Elaboration of health related decisions i.e. the motivational process an individual goes through when anticipating an action - the so called action regulation - are seen as internal cognitive processes by a group of theories such as the health belief model, the social–cognitive theory, the theory of reasoned action, the theory of planned behaviour (TPB) and the protection motivation theory [11]. These theories share the assumption that each behaviour is predominantly a function of attitudes and beliefs, as well as expectations of future events and outcomes. Facing various alternatives, individuals will choose the action most likely leading to positive outcomes. Among these theories, the TPB [9] is one of the best proven to explain a specific health behaviour by a set of domains in a wide number of research areas [12-14]. Prediction of self-reported behaviour is superior to observed behaviour. However, according to the literature TPB is capable of explaining 20% of the variance in prospective measures of actual behaviour (and 27 to 39% of intention) [15-18].
The TBP postulates three conceptually independent domains determining an intention to perform a specific behaviour: "attitude" refers to the degree to which a person has a favourable or unfavourable appraisal of the behaviour in question; "social norm" refers to the perceived social pressure to perform/not perform the behaviour; "perceived behaviour control" refers to the perceived ease or difficulty of performing the behaviour and is assumed to reflect past experiences as well as anticipated impediments and obstacles. The theory is based on the expectancy-value model, assuming that overall evaluation of decisional options often contains two separable sub-domains: an expected outcome and a given value [7]. For example, the subjective value of a given outcome such as reduction of the number of relapses in multiple sclerosis as the benefit from disease modifying treatment (DMT) affects the attitude in direct proportion to the strength of the belief regarding occurrence of this outcome. A patient might be convinced of the efficacy of DMT regarding reduction of relapse rates but on the other hand might not prioritize this goal against others leading to low impact of this belief on this patient’s attitude. As a general rule, the more favourable the attitude and subjective norm with respect to a specific behaviour and the greater the perceived behavioural control the stronger is an individual’s intention to perform the behaviour under consideration. The relative weight by which the three domains (attitude, subjective social norm, perceived behavioural control) impact on the intention is expected to vary across different behaviours and contexts.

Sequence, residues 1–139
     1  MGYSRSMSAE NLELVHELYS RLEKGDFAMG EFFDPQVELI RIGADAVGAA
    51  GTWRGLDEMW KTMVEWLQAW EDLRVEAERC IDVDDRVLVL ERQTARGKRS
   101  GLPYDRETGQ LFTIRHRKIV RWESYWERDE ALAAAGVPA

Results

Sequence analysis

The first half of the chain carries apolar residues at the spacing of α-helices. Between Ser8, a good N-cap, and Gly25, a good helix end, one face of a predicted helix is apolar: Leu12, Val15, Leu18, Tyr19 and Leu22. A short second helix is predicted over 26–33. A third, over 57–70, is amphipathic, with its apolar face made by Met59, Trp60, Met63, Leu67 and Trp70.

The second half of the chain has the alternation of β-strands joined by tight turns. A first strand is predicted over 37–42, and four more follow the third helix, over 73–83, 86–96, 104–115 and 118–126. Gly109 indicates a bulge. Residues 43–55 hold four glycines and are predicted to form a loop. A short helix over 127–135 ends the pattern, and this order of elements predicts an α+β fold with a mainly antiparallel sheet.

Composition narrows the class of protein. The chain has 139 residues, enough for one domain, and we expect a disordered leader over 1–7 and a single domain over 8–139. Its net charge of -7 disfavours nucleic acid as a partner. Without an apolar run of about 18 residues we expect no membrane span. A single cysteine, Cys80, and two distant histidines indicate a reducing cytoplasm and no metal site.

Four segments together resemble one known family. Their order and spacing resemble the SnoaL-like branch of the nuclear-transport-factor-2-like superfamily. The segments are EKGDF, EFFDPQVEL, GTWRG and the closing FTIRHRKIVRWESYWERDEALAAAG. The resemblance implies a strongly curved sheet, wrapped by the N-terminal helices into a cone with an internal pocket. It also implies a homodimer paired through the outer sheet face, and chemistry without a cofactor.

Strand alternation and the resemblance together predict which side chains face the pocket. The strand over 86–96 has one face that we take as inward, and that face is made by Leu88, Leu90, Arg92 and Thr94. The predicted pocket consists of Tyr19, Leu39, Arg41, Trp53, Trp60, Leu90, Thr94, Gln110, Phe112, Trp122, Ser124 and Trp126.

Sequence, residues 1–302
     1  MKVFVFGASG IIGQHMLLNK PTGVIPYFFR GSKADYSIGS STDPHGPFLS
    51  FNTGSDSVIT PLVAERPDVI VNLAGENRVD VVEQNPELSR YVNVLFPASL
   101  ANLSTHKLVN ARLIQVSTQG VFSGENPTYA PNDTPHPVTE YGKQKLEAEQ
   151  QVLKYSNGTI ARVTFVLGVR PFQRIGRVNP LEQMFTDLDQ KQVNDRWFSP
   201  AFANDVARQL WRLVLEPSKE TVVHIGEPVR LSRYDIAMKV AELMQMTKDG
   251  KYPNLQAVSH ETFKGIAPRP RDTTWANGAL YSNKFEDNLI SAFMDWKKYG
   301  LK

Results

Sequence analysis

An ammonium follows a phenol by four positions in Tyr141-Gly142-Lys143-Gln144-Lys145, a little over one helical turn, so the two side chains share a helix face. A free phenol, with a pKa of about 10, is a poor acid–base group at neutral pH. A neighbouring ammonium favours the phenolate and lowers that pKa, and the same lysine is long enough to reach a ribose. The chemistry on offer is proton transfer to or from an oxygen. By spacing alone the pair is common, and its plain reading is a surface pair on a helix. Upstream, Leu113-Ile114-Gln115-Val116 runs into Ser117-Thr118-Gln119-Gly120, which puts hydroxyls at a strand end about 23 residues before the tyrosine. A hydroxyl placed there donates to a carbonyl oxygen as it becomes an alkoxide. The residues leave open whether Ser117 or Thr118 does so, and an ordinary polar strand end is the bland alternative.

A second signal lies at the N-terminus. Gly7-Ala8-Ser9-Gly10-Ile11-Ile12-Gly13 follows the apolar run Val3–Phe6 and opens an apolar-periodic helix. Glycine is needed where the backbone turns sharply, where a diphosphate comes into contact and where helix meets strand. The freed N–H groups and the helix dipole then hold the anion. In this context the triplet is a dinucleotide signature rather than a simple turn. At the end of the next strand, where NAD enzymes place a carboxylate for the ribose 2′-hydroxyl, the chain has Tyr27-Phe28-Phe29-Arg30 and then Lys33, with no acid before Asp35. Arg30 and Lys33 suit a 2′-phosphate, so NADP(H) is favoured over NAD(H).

Since, although not conclusive, the evidence for the TPB’s validity to a broad variety of behavioural decisions is promising, we choose the model to validate theoretical assumptions underpinning our developments of decision support strategies for patients with multiple sclerosis [19-21].
Multiple sclerosis (MS) is a chronic-progressive disease of young adults with a presumed autoimmune aetiology [22]. People affected by the diseases have to deal with pronounced uncertainty regarding prognosis and also regarding effectiveness of available treatments. Hitherto, no curative treatment exists. However, appearance of new relapses, new lesions on magnetic resonance imaging and progression of disability can be slowed down by DMT but at the risk of side effects that can be long lasting and sometime serious [19]. Therefore, decisions about disease modifying treatments (DMT) are highly sensitive to patient preferences [23]. In addition, MS patients claim active roles in these decision making processes which seem even higher than in other diseases [24,25].
This paper describes development and validation of the questionnaire “Planned behaviour in MS” (PBMS), a patient-reported instrument assessing the process of decision making about DMT. By improving understanding of processes underlying patients’ choices on DMT as well as improving understanding of mechanisms mediating effects of decision support strategies, we aim at tailoring decision aids and other support strategies more to patients’ needs.
Ethics statement
The study protocol was approved by the ethics committee of the Hamburg Chamber of Physicians (ref: PV3164) on 12th March 2009 All participants gave written informed consent for recording, analysis and publication of their data collected within this study.
Questionnaire concept and development
The development of the PBMS - a questionnaire intended to predict or explain patient choices to use or not to use DMT - was based on the instructions given by Ajzen [26]. We focused on assessing all relevant cognitive and emotional issues (belief composites) presumably processed by MS-patients considering a decision about DMT. The original pool of about 120 belief composites was generated by extracting salient statements from 80 videos of physician-patient consultations on DMT decisions [19]. Statements identified as relevant were classified according to their underlying constructs in terms of the TPB framework. They were allocated to one of the three domains (attitude, subjective social norm, perceived behaviour control) and then within each domain to one of two sub-domains (expectations and values) (Figure (Figure1).1). For example, a recently diagnosed MS patient might be convinced (attitude) that early MS treatment in general is beneficial (expectation) while assigning higher value to potential side effects (value). Statements were identified for all components of the TPB. However, few statements related to control beliefs and in particular assumed power of control. This pool of belief composites and their allocation were discussed and supplemented by an expert panel of neurologists (CH, NS), health scientists (SK, IB) and a psychologist (JK) all experienced in MS treatment decision-making. During this process, classification of the statements was checked and about 20 new statements were added from physicians’ clinical practice. In the next step, based on the underlying concept items were created to exhaustively cover the TPB framework for the scenario of decision making on DMTs. With regard to uniqueness, similarity and disjunctiveness, 38 items were selected and piloted with 10 MS patients in the MS outpatient clinic to check comprehensibility and relevance.